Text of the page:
And so it is that Lucy accepts her subjugation to the violent patriarchy of the new South Africa.  She is raped not only by three men but by Africa itself and is prepared to bear its progeny in order to remain and start again, rightless and vanquished because, as she tells her father, ‘this is Africa’.

Of course it should be pointed out that Lucy’s take on black crime is not quite the same as her father’s in that she does not suggest a necessary racial distinction. She does though intimate that the white man in some sense must give up their rights and privileges if they are to continue in Africa. But with this Lucy suggests that to be an African everyperson one has to be reduced to the status of the dispossessed and dominated by patriarchy. And so we see Lucy and her father having a progressively convergent attitude and conception of Africa.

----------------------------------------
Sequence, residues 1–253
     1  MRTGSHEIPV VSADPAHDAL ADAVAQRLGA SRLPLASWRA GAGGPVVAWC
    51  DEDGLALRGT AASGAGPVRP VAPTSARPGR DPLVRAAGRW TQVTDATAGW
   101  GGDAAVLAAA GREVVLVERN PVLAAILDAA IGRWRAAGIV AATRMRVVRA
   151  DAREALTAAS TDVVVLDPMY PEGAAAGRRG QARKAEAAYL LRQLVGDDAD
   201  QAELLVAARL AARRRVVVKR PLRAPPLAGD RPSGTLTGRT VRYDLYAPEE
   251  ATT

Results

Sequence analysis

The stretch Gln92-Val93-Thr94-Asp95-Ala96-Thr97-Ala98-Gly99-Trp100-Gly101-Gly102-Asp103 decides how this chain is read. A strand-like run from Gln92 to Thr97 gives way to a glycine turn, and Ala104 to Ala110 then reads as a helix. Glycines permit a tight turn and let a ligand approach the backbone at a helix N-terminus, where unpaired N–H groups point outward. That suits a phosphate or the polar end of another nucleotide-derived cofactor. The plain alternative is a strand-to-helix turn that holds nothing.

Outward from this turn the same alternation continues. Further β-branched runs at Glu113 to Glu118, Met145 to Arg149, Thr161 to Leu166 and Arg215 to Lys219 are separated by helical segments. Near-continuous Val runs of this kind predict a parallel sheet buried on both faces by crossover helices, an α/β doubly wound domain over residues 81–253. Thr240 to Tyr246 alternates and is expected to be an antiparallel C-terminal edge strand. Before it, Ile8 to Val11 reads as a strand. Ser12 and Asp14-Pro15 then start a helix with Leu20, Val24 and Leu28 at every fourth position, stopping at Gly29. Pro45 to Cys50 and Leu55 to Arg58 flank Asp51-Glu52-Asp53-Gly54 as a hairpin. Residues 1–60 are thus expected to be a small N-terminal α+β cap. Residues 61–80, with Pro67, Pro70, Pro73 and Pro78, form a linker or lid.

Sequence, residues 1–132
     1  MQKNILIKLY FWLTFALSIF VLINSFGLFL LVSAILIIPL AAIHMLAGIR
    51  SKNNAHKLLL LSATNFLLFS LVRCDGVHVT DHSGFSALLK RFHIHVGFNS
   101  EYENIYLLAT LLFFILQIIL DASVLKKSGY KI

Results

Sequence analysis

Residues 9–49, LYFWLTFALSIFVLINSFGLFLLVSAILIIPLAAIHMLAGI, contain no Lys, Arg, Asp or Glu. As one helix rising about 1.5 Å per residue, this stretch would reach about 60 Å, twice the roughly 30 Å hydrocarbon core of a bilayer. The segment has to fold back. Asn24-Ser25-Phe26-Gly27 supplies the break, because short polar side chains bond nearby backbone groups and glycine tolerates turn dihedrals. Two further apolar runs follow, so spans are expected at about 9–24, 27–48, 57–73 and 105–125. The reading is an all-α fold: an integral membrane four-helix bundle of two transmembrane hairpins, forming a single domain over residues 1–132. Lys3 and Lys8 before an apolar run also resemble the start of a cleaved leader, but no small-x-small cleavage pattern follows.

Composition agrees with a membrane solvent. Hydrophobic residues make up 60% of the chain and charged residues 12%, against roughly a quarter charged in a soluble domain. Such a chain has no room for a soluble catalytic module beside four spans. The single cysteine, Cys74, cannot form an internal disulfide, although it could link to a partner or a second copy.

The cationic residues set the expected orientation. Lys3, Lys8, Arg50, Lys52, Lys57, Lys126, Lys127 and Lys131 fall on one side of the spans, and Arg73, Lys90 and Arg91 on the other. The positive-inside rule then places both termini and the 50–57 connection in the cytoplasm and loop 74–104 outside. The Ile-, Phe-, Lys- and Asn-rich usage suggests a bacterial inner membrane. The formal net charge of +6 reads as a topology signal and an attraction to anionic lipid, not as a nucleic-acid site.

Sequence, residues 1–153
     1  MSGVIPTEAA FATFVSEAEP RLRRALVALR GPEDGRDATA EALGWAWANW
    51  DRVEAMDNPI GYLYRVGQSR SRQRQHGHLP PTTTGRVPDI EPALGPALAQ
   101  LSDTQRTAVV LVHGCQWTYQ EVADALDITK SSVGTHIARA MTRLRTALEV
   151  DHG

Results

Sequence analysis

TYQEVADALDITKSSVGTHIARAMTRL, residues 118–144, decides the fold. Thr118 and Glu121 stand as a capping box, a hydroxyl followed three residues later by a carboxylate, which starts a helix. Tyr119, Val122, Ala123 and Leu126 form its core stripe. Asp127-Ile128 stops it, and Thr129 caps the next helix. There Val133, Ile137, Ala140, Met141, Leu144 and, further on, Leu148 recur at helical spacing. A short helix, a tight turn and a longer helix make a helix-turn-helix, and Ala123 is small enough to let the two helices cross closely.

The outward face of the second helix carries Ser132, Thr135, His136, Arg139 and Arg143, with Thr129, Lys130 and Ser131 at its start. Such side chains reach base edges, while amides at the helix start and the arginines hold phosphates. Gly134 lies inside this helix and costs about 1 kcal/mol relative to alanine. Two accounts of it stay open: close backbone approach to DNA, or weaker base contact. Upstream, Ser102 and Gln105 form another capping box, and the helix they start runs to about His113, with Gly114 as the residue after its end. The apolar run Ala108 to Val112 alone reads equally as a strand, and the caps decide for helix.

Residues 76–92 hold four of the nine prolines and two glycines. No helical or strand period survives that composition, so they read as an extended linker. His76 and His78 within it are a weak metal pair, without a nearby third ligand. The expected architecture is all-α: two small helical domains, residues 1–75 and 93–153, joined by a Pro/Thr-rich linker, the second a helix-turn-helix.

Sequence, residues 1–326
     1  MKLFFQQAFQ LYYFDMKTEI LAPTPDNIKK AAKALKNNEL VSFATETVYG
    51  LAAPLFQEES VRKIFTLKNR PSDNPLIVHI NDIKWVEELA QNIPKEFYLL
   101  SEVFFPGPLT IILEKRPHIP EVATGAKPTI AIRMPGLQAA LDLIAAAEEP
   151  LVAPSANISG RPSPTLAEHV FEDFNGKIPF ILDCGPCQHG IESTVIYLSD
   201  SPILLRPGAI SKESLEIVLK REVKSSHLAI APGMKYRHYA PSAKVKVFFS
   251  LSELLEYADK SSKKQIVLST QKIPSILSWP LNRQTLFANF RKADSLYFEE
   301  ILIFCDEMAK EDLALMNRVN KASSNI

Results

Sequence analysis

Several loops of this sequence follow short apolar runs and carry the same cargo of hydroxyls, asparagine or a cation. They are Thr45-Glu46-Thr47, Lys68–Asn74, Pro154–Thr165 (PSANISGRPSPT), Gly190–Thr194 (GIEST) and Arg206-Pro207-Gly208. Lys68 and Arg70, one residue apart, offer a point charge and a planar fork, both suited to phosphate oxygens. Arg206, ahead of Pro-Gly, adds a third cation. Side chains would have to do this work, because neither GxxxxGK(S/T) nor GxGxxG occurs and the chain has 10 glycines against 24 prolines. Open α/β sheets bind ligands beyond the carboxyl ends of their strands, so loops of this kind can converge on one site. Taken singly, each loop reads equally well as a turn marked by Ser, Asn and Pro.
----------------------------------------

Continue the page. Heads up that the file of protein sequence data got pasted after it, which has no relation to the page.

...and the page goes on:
But the argument is still, I hear the postmodern critics shouting, ‘this is not Coetzee’, ‘this is a fictional construct’, ‘this is postmodern “play”’.  That of course I accept. But what is Coetzee playing with?  White people’s misguided attitudes? Well then where is the counterpoint? Where is, at least, the intimation of deconstructing the dominant white theory of a violent Africa where ‘pity and terror are irrelevant’? Where is the Africa that defies crime, the Africa that does not have rape in its culture, the Africa that decries the injustices of violence?  Well, to me at the very least, in Disgrace there isn’t one.  Nor is one intimated at.